The castle sits on a rocky promontory above the River Teifi. An earth and timber castle is believed to have been built around 1100, though the existing masonry dates from around 13th century. This castle may have been the scene of the abduction of Nest the wife of Gerald of Windsor by Owain ap Cadwgan and fifteen companions at Christmas 1109. The chronicles refer to this as having taken place at the castle of "Cenarth Bychan", which is thought to have been Cilgerran. In 1215 the castle was taken by Llywelyn the Great.
In 1223 the castle was recaptured by William Marshal the younger, Earl of Pembroke, who rebuilt the castle in its present form. It was later granted by Henry VII to the Vaughan family and they continued to occupy it until the early 17th century, when they built a new house nearby.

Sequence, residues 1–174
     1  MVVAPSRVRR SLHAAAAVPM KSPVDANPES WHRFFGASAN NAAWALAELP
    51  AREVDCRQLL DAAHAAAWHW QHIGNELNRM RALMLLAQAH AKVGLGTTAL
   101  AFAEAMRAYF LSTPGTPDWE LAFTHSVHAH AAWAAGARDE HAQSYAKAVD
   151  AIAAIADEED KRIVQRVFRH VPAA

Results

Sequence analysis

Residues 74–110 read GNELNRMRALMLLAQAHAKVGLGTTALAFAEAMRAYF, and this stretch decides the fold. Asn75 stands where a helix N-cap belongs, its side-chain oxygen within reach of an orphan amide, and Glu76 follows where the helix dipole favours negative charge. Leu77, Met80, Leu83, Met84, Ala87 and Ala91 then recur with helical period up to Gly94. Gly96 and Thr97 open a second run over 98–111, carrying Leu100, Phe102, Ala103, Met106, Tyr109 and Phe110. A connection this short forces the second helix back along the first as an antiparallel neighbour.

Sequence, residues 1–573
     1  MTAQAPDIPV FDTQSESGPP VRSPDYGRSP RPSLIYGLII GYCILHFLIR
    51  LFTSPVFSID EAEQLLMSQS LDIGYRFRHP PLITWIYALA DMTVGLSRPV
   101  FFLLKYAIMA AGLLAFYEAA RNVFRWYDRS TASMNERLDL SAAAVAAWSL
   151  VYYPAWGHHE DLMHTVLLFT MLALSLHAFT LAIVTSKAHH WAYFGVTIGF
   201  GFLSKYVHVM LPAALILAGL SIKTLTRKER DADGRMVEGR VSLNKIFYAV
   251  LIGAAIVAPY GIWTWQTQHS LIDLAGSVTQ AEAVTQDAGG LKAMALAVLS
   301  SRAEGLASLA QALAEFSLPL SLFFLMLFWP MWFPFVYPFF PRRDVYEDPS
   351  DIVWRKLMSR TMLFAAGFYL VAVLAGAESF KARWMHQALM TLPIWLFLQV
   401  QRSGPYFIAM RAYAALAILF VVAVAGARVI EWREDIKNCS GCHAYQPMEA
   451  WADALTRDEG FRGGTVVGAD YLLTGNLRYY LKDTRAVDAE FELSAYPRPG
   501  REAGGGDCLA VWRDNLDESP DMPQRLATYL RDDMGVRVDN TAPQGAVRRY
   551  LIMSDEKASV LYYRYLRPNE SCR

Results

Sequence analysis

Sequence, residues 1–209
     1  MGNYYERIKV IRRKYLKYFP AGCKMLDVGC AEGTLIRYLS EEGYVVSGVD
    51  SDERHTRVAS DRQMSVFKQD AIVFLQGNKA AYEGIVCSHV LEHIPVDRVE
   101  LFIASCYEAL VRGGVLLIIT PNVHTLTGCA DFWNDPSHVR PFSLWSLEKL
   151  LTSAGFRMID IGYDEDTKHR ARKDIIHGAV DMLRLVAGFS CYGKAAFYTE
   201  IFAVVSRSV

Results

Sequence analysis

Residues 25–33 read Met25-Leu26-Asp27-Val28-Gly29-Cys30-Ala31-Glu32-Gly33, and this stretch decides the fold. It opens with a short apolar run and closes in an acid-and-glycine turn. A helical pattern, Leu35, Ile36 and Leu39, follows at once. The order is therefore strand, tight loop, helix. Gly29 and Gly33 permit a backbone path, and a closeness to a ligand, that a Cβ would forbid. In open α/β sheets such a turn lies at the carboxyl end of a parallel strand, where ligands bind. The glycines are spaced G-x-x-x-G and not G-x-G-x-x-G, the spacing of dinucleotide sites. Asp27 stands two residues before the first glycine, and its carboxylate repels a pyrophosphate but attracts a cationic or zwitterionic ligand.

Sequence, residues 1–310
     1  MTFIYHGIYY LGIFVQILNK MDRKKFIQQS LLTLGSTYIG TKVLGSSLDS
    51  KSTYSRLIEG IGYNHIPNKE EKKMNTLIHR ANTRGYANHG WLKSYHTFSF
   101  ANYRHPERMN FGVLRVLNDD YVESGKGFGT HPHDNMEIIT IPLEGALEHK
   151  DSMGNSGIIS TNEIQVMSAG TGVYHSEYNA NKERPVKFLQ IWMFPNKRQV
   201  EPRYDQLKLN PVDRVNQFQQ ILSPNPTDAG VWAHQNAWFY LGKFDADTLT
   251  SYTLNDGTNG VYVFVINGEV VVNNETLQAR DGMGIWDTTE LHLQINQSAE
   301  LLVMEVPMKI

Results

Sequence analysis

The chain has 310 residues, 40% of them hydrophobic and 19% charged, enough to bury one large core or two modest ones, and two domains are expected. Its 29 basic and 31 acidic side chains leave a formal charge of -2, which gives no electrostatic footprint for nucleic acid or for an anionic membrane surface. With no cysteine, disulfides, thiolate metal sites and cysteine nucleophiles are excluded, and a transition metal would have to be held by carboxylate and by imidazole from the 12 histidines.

The castle is largely ruinous, though two substantial towers remain. From the castle there are pleasant walks down to the River Teifi.
|Wikimedia Commons has media related to Cilgerran Castle.|
- Cilgerran Castle information at the National Trust
- www.geograph.co.uk : photos of Cilgerran Castle and surrounding area
- Castle Wales: Cilgerran Castle